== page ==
Thrilled as fuck to announce that I’ve accepted a writing position at Gearbox Software.
My thoughts on the matter are summarized below:
Telling someone why they have to play Gone Home can be tricky. It begins innocently enough but, if mishandled, can take a turn for the creepy, e.g.: "You know how, like, you can learn a lot about people by going through their things, reading their mail and checking the expiration dates on the food in their refrigerator? Well imagine that, but a game. Boy howdy, I never knew how much I could learn about the life of a teenage girl until I went through all the drawers in her room and read every page of her jour who care you calling are you calling the cops why does everyone do that."
But I persist because it’s a risk worth taking, because you should play Gone Home, a big highlight in a month absolutely fuckin’ besieged by highlights.
I promise a relatively spoiler-free examination in the paragraphs to follow.
I’ll readily admit that a lot of my favorite games are tremendously difficult. Dark Souls, Spelunky, Super Meat Boy—yes and hell yes. But I get a little squidgy when I’m accused of being a masochist for liking or loving these games, and that happens a bit more frequently than you might expect. I usually offer the same defense: no, I don’t enjoy dying or being punished, but I do appreciate when obscene difficulty is paired with elegant design that distills challenge into a small roster of basic choices that make the difference between a win and a loss. When even the simplest choices matter as much as the big ones.
But that’s the game designer answer, not necessarily the personal one, which is as follows: I think I scratch some sort of itch when I’m presented with a wicked problem and an inexhaustible supply of attempts to solve it.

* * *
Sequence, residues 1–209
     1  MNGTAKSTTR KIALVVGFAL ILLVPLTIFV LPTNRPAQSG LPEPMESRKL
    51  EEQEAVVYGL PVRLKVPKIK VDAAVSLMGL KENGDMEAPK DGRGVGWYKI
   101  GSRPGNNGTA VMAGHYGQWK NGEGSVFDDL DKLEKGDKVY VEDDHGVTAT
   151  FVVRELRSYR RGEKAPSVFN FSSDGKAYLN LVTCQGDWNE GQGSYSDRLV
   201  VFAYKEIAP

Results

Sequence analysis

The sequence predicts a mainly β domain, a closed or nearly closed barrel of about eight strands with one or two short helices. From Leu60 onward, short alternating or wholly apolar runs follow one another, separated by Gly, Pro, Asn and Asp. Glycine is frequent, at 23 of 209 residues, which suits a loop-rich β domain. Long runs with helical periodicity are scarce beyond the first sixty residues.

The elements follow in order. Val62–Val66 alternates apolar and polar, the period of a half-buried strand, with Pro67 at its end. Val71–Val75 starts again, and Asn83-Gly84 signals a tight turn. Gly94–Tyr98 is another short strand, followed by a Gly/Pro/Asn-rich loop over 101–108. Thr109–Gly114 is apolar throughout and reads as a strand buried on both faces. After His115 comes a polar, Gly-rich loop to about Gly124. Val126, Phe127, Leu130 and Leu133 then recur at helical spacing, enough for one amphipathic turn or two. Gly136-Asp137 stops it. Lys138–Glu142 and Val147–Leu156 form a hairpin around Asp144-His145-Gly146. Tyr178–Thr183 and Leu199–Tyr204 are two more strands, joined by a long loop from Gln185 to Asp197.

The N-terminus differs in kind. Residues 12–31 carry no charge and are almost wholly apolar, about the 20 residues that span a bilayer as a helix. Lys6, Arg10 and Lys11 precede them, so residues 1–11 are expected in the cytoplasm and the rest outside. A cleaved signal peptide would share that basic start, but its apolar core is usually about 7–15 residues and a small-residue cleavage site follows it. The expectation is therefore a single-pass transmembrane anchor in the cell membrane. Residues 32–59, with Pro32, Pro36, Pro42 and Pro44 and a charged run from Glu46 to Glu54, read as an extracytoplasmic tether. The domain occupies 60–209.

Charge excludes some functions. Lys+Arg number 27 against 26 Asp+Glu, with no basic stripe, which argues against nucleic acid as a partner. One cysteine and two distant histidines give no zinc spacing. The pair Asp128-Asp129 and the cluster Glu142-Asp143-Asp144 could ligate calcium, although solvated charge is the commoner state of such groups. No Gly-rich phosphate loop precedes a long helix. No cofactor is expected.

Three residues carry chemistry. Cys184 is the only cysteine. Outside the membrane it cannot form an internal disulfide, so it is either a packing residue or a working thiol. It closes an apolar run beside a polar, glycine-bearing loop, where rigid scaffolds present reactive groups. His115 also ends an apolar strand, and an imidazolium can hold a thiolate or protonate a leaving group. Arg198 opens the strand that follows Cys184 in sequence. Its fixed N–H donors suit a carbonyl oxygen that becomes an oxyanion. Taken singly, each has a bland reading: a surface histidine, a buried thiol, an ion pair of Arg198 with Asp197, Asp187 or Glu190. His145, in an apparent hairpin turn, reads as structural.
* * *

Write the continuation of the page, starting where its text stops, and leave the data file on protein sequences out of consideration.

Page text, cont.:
I played Kentucky Route Zero feverishly, which is to say I consumed its content wholly driven by a need to consume it entirely. With many games I play nowadays, particularly those with hulking, pendulous narratives, I feel a fatigue set in a bit sooner than I used to when tracking down all the story has to tell me, and sooner still if the gameplay between me and story isn’t all it could be. Not so with KRZ—I played the first act three times through to be sure I saw every last bit it had to show. It helped there was little to no gameplay to get in the way of it, which I didn’t mind in the least.
I had resolved not to braindump on the game ‘til at least one more of the game’s four remaining acts were released and I had further explored its vector map of blue highways and hushed vignettes, and seen the results of KRZ's unique presentation of dialogue and characterization, or specifically, the choices I made within that framework. Then a Wired piece on the game picked it apart in a way I found—I don’t want to say irritating, so let’s say inspiring, at least in as much as I now feel like I must, must crap out a bazillion words about the game as hastily as possible.
I’m not going to say anything that hasn’t already been stated a hundred times by folks much more capable, qualified and eloquent than I am, but I nonetheless want to quantify exactly why KRZ makes me so excited about the future of interactive narrative. If you haven’t played the game, play it right the fuck now, and come on back so we can chat further.
Maxis’ SimCity was besieged with server problems when it launched last week. Those have been largely remedied. Now free to play the game for more than twenty or thirty minutes at a go, players are digging deeper into the game and returning with woeful tales of AI corner-cutting.
What follows isn’t intended as a pile-on. When I began writing it, it was a love letter to what I presumed was a quirk of simulation extrapolated by extreme circumstances. Now, the mystery of its behavior is a little less mysterious, not quite as beguiling—on the other hand, the pictures are still pretty goddamned weird, so this is worth posting, I suppose.
Anyway, let’s kick this off with a question: what would inspire a person to protest their own house?